Wysopal cites the case of Andrew Auernheimer (aka weev) in the early days of the iPad. Auernheimer was arrested at the behest of AT&T, prosecuted under the CFAA, and sentenced to 41 months in jail. Fundamentally, he made use of how AT&T’s website had been designed to operate faster by prepopulating the authentication page with the email address used to register the iPad for its 3G service.
“Auernheimer realized he could just sign up for any iPad Id [and get the iPad owner’s email address] because that was the way the system was built. Did he break the law to do that? AT&T purposely built the system that way. But they didn’t like the fact that he figured it out, and that’s why they took him to court.”
The facts: Auernheimer collected approximately 120,000 user email addresses in around four days in June 2010. He made no attempt to profit from these. He gave the details to Gawker. Gawker published a sensational article. (Gawker Media was later sued by Hulk Hogan for publishing a sex tape. Hogan was awarded $140 million damages. Gawker Media filed for bankruptcy and shut down its website. It could be said that Auernheimer made some unfortunate decisions in his actions with the email addresses, but were they illegal?)
AT&T filed a criminal complaint against Auernheimer and his colleague Daniel Spitler, and they were arrested in 2011. Auernheimer was convicted by a jury in 2012 and sentenced to 41 months in prison. He appealed. After serving around 13 months of the sentence, the conviction was vacated by the United States Court of Appeals for the Third Circuit, which declared that the government had failed to prove that he had violated the CFAA.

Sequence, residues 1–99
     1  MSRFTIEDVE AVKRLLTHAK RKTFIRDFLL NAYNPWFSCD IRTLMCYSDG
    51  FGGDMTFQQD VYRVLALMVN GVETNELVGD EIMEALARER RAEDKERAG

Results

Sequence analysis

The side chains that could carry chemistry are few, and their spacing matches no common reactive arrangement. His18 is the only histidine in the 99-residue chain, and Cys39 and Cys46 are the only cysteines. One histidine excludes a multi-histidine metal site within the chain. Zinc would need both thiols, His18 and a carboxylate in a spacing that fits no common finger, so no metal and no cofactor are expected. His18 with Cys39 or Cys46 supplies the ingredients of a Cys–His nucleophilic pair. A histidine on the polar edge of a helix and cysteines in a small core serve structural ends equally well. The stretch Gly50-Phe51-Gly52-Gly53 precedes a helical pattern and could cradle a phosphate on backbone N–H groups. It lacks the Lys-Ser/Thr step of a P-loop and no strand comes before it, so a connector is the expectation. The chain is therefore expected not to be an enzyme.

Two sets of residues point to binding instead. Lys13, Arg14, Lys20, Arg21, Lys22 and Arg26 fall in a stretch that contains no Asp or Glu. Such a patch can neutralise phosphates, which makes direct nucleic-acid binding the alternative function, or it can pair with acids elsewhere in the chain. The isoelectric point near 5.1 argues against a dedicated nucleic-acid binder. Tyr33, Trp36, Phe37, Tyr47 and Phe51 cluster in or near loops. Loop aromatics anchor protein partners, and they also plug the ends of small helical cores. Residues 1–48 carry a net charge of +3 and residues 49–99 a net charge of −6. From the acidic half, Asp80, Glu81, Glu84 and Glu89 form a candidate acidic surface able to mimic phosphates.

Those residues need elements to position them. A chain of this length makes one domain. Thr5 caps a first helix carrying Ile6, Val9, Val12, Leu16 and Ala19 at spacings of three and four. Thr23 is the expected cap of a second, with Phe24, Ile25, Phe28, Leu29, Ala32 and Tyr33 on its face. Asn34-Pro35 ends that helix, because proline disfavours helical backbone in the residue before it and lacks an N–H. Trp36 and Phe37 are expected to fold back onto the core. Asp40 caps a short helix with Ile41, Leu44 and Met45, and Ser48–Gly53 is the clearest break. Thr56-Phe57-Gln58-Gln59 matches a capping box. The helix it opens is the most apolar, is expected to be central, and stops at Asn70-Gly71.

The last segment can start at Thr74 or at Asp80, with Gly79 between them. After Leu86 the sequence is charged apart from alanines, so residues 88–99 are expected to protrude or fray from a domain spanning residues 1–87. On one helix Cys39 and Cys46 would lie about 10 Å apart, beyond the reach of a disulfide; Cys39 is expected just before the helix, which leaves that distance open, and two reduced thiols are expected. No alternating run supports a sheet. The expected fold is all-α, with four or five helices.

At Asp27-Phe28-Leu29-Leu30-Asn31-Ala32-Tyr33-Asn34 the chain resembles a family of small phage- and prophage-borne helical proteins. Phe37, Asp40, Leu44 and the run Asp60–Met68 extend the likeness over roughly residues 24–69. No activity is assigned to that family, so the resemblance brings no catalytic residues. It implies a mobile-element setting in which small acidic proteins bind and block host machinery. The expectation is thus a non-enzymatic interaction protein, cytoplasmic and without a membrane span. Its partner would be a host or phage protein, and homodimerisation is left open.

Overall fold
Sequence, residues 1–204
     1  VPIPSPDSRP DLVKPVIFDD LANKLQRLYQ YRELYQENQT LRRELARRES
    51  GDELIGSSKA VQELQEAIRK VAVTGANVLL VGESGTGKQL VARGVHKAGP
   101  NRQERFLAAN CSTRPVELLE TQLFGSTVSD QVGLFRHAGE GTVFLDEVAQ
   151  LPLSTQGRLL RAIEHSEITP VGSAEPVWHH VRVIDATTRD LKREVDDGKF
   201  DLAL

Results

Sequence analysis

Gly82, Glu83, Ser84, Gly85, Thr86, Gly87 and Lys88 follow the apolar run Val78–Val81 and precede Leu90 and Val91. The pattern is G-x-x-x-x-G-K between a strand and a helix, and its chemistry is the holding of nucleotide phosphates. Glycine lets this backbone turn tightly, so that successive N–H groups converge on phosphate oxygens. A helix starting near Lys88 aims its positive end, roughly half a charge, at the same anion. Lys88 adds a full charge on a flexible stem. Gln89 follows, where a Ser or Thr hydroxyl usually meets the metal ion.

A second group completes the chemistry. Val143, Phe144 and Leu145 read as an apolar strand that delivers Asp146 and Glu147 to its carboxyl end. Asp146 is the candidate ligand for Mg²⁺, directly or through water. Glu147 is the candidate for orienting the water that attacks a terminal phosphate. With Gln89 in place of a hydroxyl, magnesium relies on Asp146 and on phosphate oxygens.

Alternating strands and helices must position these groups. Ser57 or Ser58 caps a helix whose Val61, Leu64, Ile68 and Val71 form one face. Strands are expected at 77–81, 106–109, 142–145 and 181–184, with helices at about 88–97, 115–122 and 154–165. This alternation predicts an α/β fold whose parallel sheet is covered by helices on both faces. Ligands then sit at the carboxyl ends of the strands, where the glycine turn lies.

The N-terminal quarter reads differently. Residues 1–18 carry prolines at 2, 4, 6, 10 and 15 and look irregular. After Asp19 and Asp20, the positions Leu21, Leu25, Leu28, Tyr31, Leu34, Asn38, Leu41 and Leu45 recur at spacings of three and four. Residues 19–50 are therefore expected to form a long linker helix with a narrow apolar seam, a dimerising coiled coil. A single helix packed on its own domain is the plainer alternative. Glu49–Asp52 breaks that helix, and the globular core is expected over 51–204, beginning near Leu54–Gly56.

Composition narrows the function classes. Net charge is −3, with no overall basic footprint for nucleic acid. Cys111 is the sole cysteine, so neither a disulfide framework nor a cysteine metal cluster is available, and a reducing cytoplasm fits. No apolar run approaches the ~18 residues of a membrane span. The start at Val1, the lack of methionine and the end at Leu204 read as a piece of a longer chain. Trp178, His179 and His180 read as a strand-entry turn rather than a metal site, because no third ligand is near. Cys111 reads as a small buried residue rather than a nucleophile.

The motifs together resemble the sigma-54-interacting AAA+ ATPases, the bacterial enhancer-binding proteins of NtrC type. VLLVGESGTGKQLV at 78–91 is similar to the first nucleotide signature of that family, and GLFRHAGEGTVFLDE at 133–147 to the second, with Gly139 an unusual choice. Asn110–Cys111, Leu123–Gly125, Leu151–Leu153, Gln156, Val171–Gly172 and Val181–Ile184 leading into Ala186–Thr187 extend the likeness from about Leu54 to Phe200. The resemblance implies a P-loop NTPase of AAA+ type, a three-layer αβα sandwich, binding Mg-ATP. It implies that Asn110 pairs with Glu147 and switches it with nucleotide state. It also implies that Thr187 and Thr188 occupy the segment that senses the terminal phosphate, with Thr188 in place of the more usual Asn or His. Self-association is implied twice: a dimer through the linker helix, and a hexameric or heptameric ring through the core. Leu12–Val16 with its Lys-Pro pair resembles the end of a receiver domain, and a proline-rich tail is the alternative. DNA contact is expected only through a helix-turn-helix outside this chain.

But to Wysopal’s point, the court still did not define what is and what is not allowed under the CFAA, given the ambiguity of what is and is not allowed by a website.
“That’s the grey area of the CFAA I don’t like. It potentially precludes someone who is a whitehat or a greyhat from discovering vulnerabilities and letting people know that there’s a risk to using the iPad and this whole sign-up mechanism – you might have your information stolen. There are vagaries around what’s authorized and what is not. I think it puts a chilling effect on a lot of vulnerability research in the age of the internet, where you’re using someone else’s computer all the time. In a lot of cases, the CFAA puts that off limits for inspection. Good faith security research should be allowed, and I think the CFAA should be changed to allow it.”
In May 2022, the DOJ announced that it would no longer charge good faith ethical hackers under the CFAA. This it defined as research “carried out in a manner designed to avoid any harm to individuals or the public, and where the information derived from the activity is used primarily to promote the security or safety of the class of devices, machines, or online services to which the accessed computer belongs, or those who use such devices, machines, or online services…” The problem here is it amounts to a subjective decision made by prosecutors outside of the court system. The CFAA itself remains unchanged. Subjective opinions can vary, and the chilling effect of the law continues.
The lessons learned
History is full of outliers ahead of their time. The supersonic airliner, Concorde, is one example – developed too early and abandoned even though others will surely follow. L0pht Heavy Industries is another – solutions to its 20th Century recommendations are still sought today in 2023’s National Cybersecurity Strategy.
But L0pht also demonstrates something perhaps more controversial: the University of Hackerdom is possibly the best cybersecurity educational establishment available. Consider some of the alumni of Lopht. Today, Weld Pond (Chris Wysopal) is the founder and CTO of Veracode; Space Rogue (Cris Thomas) is the global lead of policy and special initiatives at IBM, and Mudge (Peiter Zatko), a former CISO at Twitter and head of security at Stripe, was hired by CISA in September 2023 to advise on ‘security-by-design’.